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19.03.2009 Feature Article

An Unbearable Cost Of Living

An Unbearable Cost Of Living

Though the political power won by the NDC in the December 2008 presidential and parliamentary election appeared as a 'big sweet' surprise not only to the ordinary supporters of their party, but also to their bigwigs. The NDC Manifesto which I happen to have access to and about which I wish to comment has a very interesting yardstick by which the performance of the NDC Government shall be measured in 2012.

In this piece, I don't intend to go into some other sensitive comments which were made by some important figures of the party notably among which was that of the current Vice President who said on a political platform: “The NPP Government keeps deceiving the people of Ghana with GDP growth and inflation, do we eat GDP? Do we eat inflation?”. We are all in the country and Ghanaians are watching to see what the NDC government will someday come to say about the country's GDP and inflation since those economic terms are not necessary: because according to his Excellency, the Vice President, we don't eat them.

Well, the extract below is from the NDC 2004 Manifesto in which they tried to compare prices of goods and services between December,2000 (the time NDC left office) and 2004 (a period when the NPP was in power).Below is the extract for your study and impartial judgment in 2012:

“AN UNBEARABLE COST OF LIVING
The cost of living in Ghana today is simply unbearable. The NDC Government will work to reduce the cost of living. The complaints of the people about their inability to make ends meet is clearly justified when their earning power is juxtaposed against the prices of goods and services on the market. The NDC Government will work to reduce the cost of living.

The following figures of price indices tell their own story.

The rate for 100 kilowatts of electricity per month has increased from ¢10,000 in December 2000 to ¢58,500, an increase of 485% in just over 3 years. In suburban Accra, the price of a bucket of water has increased from ¢300 to ¢1,000, while a 15 kilogram cylinder of LPG gas has risen from ¢15,000 in December 2000 to ¢55,000, an over 350% increase. The price of a gallon of petrol has increased from ¢6,500 in 2000 to ¢20,000 in 2004. Within the same period, the price of a beer bottle of kerosene has increased from ¢1,000 to ¢4,000. A bag of charcoal now costs ¢50,000 against ¢17,000 in December 2000.

A one-room rental unit in Accra has increased from ¢30,000 per month in December 2000 to a current figure of ¢100,000 an over 200% increase, obviously owing to the increases in the prices of building materials. A 50 kilogram bag of cement has risen from ¢20,000 in December 2000 to ¢52,000, an increase of over 150%, and the price of a gallon of emulsion paint has risen from ¢45,000 in December 2000 to the current price of ¢95,000, more than double the price.

School fees at primary and JSS levels have increased by over 140%. A first year SSS student paid ¢2 million in September 2003, up from ¢520,000 in December 2000. Fees paid by Law School students have increased from ¢2 million to ¢12 million, and for medical students to ¢40 million. Academic user fees paid by University students have increased from ¢700,000 in September 2000 to ¢1.8 million.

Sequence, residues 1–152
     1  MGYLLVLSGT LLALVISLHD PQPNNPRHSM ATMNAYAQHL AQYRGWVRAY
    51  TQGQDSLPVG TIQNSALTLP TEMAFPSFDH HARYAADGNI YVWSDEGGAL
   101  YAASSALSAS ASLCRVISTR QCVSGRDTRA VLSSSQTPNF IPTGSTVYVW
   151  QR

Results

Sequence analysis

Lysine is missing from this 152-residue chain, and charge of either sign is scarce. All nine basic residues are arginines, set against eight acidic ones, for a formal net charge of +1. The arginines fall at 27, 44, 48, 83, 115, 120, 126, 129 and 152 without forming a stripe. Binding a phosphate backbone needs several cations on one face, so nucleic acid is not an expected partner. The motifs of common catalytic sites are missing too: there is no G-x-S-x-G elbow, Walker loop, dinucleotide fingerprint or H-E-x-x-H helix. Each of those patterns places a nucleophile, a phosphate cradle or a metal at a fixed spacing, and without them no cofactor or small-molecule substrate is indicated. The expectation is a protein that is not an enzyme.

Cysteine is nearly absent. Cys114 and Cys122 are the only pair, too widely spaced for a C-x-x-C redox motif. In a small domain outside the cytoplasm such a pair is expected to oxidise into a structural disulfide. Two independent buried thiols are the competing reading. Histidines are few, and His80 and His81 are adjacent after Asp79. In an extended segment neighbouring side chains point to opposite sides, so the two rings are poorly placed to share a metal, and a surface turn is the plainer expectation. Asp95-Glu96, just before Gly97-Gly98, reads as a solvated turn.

A stick of candle now sells for ¢1,000 compared to ¢250 in December 2000, a 300% increase.

The prices of common medicines such as paracematol, chloroquine and eye-drops have gone up by over 100%.

In the food and beverages sub-sector, a tuber of yam is selling for ¢10,000, up from ¢2,000 in December 2000. A small ball of Ga kenkey has doubled in price from ¢500 to ¢1,000, while the price of 175 grams of milk has increased from ¢1,200 to ¢4,000. The price of an average-sized broiler chicken has increased from ¢20,000 in December 2000 to a current price of ¢50,000, while a crate of eggs now costs ¢30,000, up from December 2000's ¢12,500.

The price of bread is gradually going beyond the means of the average Ghanaian and bread is becoming food for the rich and famous and people with high political connections because the price of a bag of flour has moved from ¢80,000 in December 2000 to the current ¢240,000, an increase of 200%.

In the services sector, the cost of clearing a 20 feet container at the Tema Harbour has risen from ¢4 million in 2000 to ¢80 million in 2004.

Simply put, the cost of living is so high that the majority of Ghanaians cannot afford one meal a day, especially when viewed against the background of the very inadequate wage increases in 2003 and 2004.

These are the hardships and the harsh realities that the NDC's economic policies 2005-2009, will seek to address.

Among other things, we will work with labour to strive to pay a wage that can take care of the basic necessities of food, clothing and shelter and leave a little extra to cover minimum water, education, health, transportation and electricity costs.

A step in this direction will be to freeze taxes on personal incomes below a middle class threshold for the next four years in order to stabilise the personal incomes of the people.”

I am quite glad that the NDC Government created this basis on which the rational people of Ghana will judge them in 2012 when prices of goods and services are compared.

I humbly call on the people of Ghana to start noting down the prices of goods and services now so as to be able to make very informed decision in 2012.

Credit: Kasuli Mahama Doobia
[Email: [email protected]
The writer is a youth activist in Zabzugu

Kasuli Mahama Doobia
Kasuli Mahama Doobia, © 2009

This author has authored 3 publications on Modern Ghana. Author column: KasuliMahamaDoobia

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